Sheriff O’Neill says father, Shaq, is now on board after butting his heads over NBA draft decision

Las Vegas – Once he told reporters that he and his father are a basketball legend Shaquille O’Neal“bumps” over his decision to drop out of college and enter the NBA draft, Sheriff O’Neill said he knew he made a mistake.

Young O’Neal, who had just signed an NBA summer league contract with the Los Angeles Lakers in July, called his dad and told him about his comments at his first NBA press conference. The elder O’Neill was not told about the signing. But that moment began a dialogue that cemented the bond between them.

Younger O’Neill said Wednesday that his father is now involved in the decision.

Once we had a deal, he joined my side,” said Sheriff O’Neill, who is now with G League Ignite, in Las Vegas. He said, ‘You are my son. I will support you no matter what. “He has helped me so much over the past few months. I think he has brought us closer than ever. I feel like my whole family has come even closer.”

Sheriff O’Neill, a tough, unpolished 6-foot-10 striker, will make his Ignite debut Thursday in his team fair against Victor Wimpanyama, the predicted No. 1 pick in the 2023 NBA Draft, and the Metropolitans 92, the French professional team, at the Dollar Loan Center At 3 p.m. Eastern time.

O’Neal averaged 2.6 points per game in 37 combined games at UCLA and LSU. He transferred to LSU, his father’s university, in 2020, two years after discovering a life-threatening heart condition that nearly ended his career.

“You know, I think about it every day,” he said. “It’s a blessing to be here in this position because, you know, there were a few months where I thought basketball was taken away and that I was going to have to find something else.”

O’Neal said a lot of people told him to stay at LSU and not enter the NBA draft last summer. He said he had to choose for himself, though, even if it meant not getting immediate support from his father, the NBA Hall of Famer and the first pick in the 1992 NBA Draft.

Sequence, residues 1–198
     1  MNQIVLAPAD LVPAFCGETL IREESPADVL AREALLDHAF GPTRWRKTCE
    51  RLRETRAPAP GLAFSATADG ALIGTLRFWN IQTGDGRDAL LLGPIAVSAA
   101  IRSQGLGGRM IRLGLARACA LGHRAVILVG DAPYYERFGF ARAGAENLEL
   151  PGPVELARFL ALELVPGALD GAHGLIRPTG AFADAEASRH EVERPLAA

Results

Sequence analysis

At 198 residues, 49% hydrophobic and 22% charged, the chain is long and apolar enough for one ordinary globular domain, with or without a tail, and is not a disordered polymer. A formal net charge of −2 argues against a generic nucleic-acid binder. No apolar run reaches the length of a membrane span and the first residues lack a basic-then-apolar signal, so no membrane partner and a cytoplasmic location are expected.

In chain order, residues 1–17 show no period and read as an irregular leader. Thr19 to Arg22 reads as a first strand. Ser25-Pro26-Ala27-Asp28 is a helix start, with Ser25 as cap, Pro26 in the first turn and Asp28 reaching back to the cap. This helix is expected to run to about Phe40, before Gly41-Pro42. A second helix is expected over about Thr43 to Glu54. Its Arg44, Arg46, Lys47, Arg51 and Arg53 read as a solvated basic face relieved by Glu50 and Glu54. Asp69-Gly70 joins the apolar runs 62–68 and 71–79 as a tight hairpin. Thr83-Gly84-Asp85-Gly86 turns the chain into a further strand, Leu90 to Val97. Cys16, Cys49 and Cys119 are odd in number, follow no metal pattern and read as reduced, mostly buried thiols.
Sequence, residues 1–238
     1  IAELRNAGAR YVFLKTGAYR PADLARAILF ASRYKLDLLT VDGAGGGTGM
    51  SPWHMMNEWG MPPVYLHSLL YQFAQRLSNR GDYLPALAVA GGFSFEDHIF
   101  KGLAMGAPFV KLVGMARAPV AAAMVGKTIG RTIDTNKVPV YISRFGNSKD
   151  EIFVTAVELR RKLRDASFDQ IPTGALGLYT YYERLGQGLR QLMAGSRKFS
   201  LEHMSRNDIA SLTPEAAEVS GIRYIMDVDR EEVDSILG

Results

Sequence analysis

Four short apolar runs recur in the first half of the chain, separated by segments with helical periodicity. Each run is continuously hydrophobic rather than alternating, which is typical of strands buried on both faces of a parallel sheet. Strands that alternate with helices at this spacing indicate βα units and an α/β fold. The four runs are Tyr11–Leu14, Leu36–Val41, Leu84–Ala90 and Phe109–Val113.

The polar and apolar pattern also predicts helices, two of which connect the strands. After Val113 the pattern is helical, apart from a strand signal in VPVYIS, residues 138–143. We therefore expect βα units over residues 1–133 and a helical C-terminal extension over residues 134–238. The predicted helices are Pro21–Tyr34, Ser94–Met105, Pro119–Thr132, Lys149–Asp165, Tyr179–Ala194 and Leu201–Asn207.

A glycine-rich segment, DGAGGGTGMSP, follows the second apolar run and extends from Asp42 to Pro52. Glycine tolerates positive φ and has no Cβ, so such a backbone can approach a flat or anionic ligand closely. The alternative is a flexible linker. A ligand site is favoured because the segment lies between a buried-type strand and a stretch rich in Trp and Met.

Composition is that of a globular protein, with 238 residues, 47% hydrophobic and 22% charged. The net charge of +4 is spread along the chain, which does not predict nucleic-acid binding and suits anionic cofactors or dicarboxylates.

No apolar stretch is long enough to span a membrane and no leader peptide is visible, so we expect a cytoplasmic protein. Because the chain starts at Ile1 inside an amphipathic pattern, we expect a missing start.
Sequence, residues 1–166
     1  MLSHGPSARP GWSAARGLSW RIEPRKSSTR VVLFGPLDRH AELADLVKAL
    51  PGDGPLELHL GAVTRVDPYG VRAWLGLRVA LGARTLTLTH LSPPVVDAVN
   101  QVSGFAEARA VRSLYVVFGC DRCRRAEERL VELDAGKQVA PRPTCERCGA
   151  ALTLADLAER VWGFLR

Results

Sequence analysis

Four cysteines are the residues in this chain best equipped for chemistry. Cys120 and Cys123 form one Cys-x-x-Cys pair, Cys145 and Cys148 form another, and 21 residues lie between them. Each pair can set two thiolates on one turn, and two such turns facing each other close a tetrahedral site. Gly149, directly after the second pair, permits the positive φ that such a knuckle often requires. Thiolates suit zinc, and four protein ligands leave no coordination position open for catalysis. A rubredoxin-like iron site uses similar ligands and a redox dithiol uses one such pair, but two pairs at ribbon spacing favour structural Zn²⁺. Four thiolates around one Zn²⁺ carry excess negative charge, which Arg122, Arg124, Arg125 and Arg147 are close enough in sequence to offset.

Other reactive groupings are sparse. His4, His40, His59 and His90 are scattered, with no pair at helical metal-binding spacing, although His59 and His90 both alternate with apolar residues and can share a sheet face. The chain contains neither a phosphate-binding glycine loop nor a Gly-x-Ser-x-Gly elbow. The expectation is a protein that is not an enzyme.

He also said that leaving school and entering military service were related to the number of disturbances he experienced. He was sidelined for over a year after having heart surgery four years ago. He suffered multiple stress fractures to both of his feet during his time at LSU.

“I’ve been over-sitting a bit,” he said. “It’s infuriating me to quit the basketball games. I’ve already had a year and a half through heart surgery. I kept hurting and didn’t know what was going to happen, so I just bet myself and said, ‘I want to be a pro.'” Everyone was telling me it was Bad idea: the coaches and the family. I didn’t let that discourage me. I just kept moving forward.”

Sheriff O’Neill said that while he was expressing his reasons for making the decision, Shaquille O’Neal began to understand his son’s perspective and then began helping him on his journey. After his summer contract with the Lakers expired, he wasn’t sure of his professional options. The Lakers did not offer him another chance.

But his father was related to Jason Hart, a former NBA guard and coach for the Ignite team, and Sherif Abdel Rahim, a former NBA star and current president of the G League. Sheriff O’Neill was named after Abdul Rahim.

Those relationships helped young O’Neill find a place with Ignite, whom Scoot Henderson cemented, the anticipated No. 2 pick in this summer’s NBA Draft, and other young stars and veterans aiming for another shot at the league. O’Neill said he is grateful for his father’s support and, more importantly, their relationship.

“I feel like [my father and I] Shocked heads simultaneously—this is really the first time we’ve had a disagreement like this—it brought us closer than ever,” he said. This is my best friend and my dad too. I love him.”

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